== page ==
Cost of sales for the year were £27.2 million (Nine months ended 31 December 2015: £21.5 million) including depreciation, depletion and amortisation (DD&A) of £6.3 million (Nine months ended 31 December 2015: £7.1 million), and operating costs of £20.9 million (Nine months ended 31 December 2015: £14.4 million).  Operating costs include a cost of £2.7 million (Nine months ended 31 December 2015: £2.2 million) in relation third party oil.  The contribution received from processing this third party oil was £0.6 million (Nine months ended 31 December 2015: £0.2 million). 

Operating costs per barrel of oil equivalent (boe) were £21.1 ($28.8), excluding third party costs (Nine months ended 31 December 2015: £16.1 ($24.6) per boe). Operating costs per boe were higher in 2016 due to the impact of lower volumes on fixed costs, higher transportation costs and a credit in 2015 of £3.6/boe ($5.5/boe) related to a refund for land rates.

Adjusted EBITDA in the year was £10.2 million (Nine months ended 31 December 2015: £18.3 million).  Gross profit for the year was £3.3 million (Nine months ended 31 December 2015: £3.6 million).  Administrative costs increased by £5.4 million to £11.4 million (Nine months ended 31 December 2015: £6.0 million) principally due to the longer accounting period, additional legal and professional costs relating to refinancing of £3.0 million (Nine months ended 31 December 2015: £nil),  increase in non-cash share based payment charges to £2.6 million (Nine months ended 31 December 2015: £0.5 million) and lower capitalisation of costs due to lower capital activity in the year, partially offset by higher restructuring costs in 2015.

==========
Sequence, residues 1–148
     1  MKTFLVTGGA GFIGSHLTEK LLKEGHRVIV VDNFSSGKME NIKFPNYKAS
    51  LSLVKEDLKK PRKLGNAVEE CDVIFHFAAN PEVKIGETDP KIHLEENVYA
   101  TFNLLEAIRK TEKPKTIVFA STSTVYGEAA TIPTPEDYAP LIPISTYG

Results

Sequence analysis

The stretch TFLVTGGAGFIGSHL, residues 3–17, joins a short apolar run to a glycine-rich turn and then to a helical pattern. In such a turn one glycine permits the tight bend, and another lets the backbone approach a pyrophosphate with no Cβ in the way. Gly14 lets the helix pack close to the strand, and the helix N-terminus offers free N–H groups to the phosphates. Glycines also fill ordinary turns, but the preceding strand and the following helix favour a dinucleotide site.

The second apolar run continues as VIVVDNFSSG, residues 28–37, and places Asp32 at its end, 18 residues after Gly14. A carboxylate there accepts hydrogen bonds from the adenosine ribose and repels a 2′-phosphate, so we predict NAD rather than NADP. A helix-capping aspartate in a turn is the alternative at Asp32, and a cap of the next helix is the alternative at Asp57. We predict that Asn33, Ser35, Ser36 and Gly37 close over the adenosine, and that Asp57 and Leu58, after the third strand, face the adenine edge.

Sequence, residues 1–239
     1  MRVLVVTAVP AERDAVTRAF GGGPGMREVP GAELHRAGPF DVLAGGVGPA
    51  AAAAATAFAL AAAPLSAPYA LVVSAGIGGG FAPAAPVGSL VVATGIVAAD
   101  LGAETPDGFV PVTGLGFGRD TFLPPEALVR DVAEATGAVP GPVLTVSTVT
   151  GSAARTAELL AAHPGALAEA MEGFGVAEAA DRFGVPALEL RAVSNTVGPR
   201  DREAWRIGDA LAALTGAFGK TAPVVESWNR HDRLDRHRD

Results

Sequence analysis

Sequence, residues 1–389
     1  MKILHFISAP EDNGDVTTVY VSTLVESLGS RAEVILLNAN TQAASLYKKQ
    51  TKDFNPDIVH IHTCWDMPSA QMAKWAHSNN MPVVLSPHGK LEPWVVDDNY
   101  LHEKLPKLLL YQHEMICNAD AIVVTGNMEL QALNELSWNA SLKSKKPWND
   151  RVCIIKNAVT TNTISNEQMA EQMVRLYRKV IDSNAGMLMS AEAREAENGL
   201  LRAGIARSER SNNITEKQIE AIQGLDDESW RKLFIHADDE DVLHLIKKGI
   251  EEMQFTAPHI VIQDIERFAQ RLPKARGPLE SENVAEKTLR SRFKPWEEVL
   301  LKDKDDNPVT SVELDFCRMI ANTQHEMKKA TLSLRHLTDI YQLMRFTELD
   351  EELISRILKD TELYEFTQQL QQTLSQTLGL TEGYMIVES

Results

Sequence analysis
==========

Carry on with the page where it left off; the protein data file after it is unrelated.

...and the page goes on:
No impairment charge was recognised in the year principally as a result of higher reserves, higher estimated future oil prices and a favourable USD/GBP exchange rate (Nine months ended 31 December 2015: £48.1 million net of tax - £8.9 million relating to producing assets and £39.2 million relating to goodwill).

Exploration costs written off were £4.5 million (Nine months ended 31 December 2015: £12.9 million) relating to relinquishment of licences during the year.

Other income of £0.7 million included £0.4 million (Nine months ended 31 December 2015: £4.9 million) relating to a fair value adjustment on the contingent deferred consideration in relation to an amount payable to a joint venture partner.

Net finance costs were £28.8 million for the year (Nine months ended 31 December 2015: £7.8 million), which primarily related to interest on borrowings of £11.9 million (Nine months ended 31 December 2015: £8.7 million), a net foreign exchange loss of £14.8 million principally on the US$ denominated debt (Nine months ended 31 December 2015: gain £0.1 million) and a realised loss on the sale of bonds of £1.5 million (Nine months ended 31 December 2015: £0.9 million gain on bonds repurchased)

The Group made a loss on oil price derivatives of £3.5 million for the year (Nine months ended 31 December 2015: gain £8.6 million).

Cash flow

Net cash generated from operating activities for the year was £12.4 million (Nine months ended 31 December 2015: £1.0 million). The Group invested £8.8 million across its asset base during the year (Nine months ended 31 December 2015: £9.4 million), of which £6.5 million was invested in the conventional assets in order to maintain current levels of production and £2.3 million in unconventional assets in furtherance of our shale exploration programme.